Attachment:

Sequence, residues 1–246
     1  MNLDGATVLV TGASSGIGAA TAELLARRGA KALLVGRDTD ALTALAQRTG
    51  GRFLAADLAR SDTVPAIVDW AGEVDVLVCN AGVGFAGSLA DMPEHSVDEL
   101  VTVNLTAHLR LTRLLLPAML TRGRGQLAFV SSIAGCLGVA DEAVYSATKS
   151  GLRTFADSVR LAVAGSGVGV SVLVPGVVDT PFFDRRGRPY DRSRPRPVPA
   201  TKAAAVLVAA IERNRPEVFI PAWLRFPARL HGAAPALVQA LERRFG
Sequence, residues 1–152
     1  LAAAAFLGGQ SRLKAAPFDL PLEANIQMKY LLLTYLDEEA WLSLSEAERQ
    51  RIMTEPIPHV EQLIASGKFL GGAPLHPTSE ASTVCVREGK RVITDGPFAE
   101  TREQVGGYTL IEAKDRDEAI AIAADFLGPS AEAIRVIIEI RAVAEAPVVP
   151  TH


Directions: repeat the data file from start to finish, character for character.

Sequence, residues 1–246
     1  MNLDGATVLV TGASSGIGAA TAELLARRGA KALLVGRDTD ALTALAQRTG
    51  GRFLAADLAR SDTVPAIVDW AGEVDVLVCN AGVGFAGSLA DMPEHSVDEL
   101  VTVNLTAHLR LTRLLLPAML TRGRGQLAFV SSIAGCLGVA DEAVYSATKS
   151  GLRTFADSVR LAVAGSGVGV SVLVPGVVDT PFFDRRGRPY DRSRPRPVPA
   201  TKAAAVLVAA IERNRPEVFI PAWLRFPARL HGAAPALVQA LERRFG
Sequence, residues 1–152
     1  LAAAAFLGGQ SRLKAAPFDL PLEANIQMKY LLLTYLDEEA WLSLSEAERQ
    51  RIMTEPIPHV EQLIASGKFL GGAPLHPTSE ASTVCVREGK RVITDGPFAE
   101  TREQVGGYTL IEAKDRDEAI AIAADFLGPS AEAIRVIIEI RAVAEAPVVP
   151  TH